Switching to the cloud means big opportunities and new capabilities, but there is a frequent argument that it is just too expensive. The reality is that it can be difficult to monitor spend when operating in the cloud. But this visibility problem has led some companies to underestimate the potential ROI of cloud data efforts and thus underinvest in them, giving competitors a pronounced advantage.
Companies have long been accustomed to fixed-cost structures for their servers, applications and storage arrays, consisting of one-time procurement and setup costs and annual maintenance fees. Cloud subscriptions, on the other hand, are based on a company’s storage and compute consumption. Unforeseen cloud usage costs are a serious issue – so much so that companies have launched solutions to help businesses keep a better eye on cloud consumption. But knowing how much you’re spending won’t make it efficient – that requires cloud optimization.
Working with a partner to clean up a messy cloud operation can immediately stop unnecessary spending and create room in the budget for other essential investments, such as modernizing your data platform to allow streaming data, which enables real-time insights to drive smarter business decisions. Or you could launch or expand a data science initiative that enables machine learning to predict inventory requirements in a store or needed maintenance on field equipment.
Being used by the cloud rather than using the cloud.
The cloud allows users to turn every dial up and down as needed. But a common problem we see involves companies operating in an oversized environment. For the sake of development speed, companies often bump up a resource to its premium level or size to meet unforeseen spikes in demand and ensure continued business operations. But, when a project is complete, the resource is not adjusted down to the new appropriate level. If a company only needs to process a large workload once a day, but all other times it requires significantly less computing power, that processing power does not always need to be running. One of the cloud’s benefits is its elasticity. Companies need to choose and adjust resources based on their workloads, so they don’t pay for unutilized or underutilized resources.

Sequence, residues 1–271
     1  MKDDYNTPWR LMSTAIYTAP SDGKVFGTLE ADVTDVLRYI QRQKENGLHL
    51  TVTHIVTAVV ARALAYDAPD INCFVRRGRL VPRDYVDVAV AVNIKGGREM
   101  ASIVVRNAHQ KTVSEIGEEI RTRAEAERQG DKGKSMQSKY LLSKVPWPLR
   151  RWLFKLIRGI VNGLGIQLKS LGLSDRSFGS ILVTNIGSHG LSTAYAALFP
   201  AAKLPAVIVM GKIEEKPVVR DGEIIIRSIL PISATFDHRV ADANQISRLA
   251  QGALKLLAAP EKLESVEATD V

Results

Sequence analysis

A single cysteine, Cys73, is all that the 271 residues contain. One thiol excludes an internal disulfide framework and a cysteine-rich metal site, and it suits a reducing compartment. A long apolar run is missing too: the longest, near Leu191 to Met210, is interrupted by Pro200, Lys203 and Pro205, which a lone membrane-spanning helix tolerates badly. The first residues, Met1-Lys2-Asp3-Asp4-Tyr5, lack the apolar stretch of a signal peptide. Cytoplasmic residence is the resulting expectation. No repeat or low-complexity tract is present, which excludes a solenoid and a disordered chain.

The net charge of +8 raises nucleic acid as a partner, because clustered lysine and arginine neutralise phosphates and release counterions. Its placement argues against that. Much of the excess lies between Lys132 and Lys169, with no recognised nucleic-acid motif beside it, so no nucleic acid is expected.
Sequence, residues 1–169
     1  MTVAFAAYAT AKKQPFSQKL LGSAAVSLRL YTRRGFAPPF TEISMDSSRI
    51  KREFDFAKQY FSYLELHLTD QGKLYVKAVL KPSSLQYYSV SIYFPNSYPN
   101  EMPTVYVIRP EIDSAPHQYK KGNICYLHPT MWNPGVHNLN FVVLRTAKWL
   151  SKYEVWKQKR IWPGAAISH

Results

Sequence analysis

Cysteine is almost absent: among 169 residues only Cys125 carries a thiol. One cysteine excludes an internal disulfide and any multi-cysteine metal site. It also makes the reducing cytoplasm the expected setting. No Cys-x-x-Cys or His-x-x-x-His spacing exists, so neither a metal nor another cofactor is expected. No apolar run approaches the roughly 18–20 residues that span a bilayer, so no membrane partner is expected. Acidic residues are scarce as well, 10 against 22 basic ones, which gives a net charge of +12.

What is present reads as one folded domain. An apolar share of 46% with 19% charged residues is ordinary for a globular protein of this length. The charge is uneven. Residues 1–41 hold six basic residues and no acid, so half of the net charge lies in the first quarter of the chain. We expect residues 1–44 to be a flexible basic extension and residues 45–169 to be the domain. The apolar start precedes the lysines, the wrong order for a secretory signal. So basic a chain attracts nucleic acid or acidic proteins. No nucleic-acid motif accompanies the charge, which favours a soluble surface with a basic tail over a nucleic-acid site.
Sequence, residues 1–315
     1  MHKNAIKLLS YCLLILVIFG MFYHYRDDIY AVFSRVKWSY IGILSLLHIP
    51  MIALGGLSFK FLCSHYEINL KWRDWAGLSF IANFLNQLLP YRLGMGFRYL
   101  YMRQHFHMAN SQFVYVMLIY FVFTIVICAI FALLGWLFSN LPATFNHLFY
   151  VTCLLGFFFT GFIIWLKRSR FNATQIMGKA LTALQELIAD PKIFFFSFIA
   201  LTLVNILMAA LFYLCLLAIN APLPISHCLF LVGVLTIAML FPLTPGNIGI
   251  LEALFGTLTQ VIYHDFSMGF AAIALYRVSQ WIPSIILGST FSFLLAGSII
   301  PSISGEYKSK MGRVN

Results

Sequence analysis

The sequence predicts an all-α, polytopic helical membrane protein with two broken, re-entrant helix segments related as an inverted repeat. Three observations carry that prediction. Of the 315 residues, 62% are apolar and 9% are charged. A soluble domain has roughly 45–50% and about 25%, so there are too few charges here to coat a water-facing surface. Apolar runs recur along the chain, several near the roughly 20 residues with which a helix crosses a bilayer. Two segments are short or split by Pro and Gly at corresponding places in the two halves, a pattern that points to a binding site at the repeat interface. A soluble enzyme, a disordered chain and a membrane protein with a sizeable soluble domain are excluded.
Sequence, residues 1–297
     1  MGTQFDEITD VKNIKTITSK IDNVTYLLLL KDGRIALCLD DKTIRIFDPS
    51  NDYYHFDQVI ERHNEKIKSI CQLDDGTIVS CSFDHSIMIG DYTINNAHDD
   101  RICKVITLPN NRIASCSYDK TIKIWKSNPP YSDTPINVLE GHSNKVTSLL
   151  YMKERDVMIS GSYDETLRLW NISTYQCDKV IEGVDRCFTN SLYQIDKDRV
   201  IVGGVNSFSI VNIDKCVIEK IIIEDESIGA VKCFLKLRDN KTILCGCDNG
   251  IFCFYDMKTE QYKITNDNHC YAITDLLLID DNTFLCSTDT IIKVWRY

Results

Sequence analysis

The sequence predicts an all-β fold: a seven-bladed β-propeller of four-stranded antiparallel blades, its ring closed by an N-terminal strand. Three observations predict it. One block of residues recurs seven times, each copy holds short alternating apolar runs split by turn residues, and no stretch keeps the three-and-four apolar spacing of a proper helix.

Another common problem we encounter occurs when companies leave unused environments running unnecessary workloads. In development, there are often testing and QA environments. But, once a project has been moved to production, those test environments don’t need to be kept on, but they often are. These oversights waste money and inflate the cost of the efforts, hurting ROI.
Continually hemorrhaging cash due to a lack of transparency is, of course, not the answer. A better solution is to work with a partner to identify and resolve messy cloud operations. These efforts often pay for themselves and create room in the budget for other necessary expenditures.
We recently worked with a cloud management company on cost containment and optimization. While documenting its architecture, we found two sizeable virtual machine clusters that were rarely used but had never been turned off. One of the clusters, for example, served Power Bi dashboards, and it was kept running to be ready for any request that might come in. But, as with most cloud resources, those clusters don’t need to be left running. They can be spun up on demand. By optimizing system monitoring and taking advantage of the cloud’s inherent flexibility, we reduced their cloud costs by $100,000 in less than three weeks.
We’re also analyzing the pressure each cluster feels when running and have already found multiple instances of oversizing. We are in the process of pulling together recommendations and calculating the cost savings of reducing cluster sizes. Unfortunately, uncovering inefficiencies can be difficult because cloud providers typically don’t make it easy to break down costs by data product or asset. But a partner with the right development, architecture and data science chops can quickly evaluate and optimize any environment.
Its about more than money
Suboptimal cloud operations lead to other serious issues, from security to business resilience. While analyzing the cloud management company’s architecture, we found that one of its vital production clusters was on the verge of crashing due to a memory leak and would have crashed within a week. The company had no idea. We informed the company of the problem, developed a solution and provided some training to keep it from happening again. The benefits of continual cloud optimization extend well beyond cost management.
The only way to be sure you are optimizing your cloud operations for cost and performance is to analyze them continually and creatively. The fastest, most efficient way to do that is to work with a partner who has mastered the process. Let’s start a conversation about how Blueprint can help you keep your cloud operations running smoothly and free up resources for new opportunities and technologies.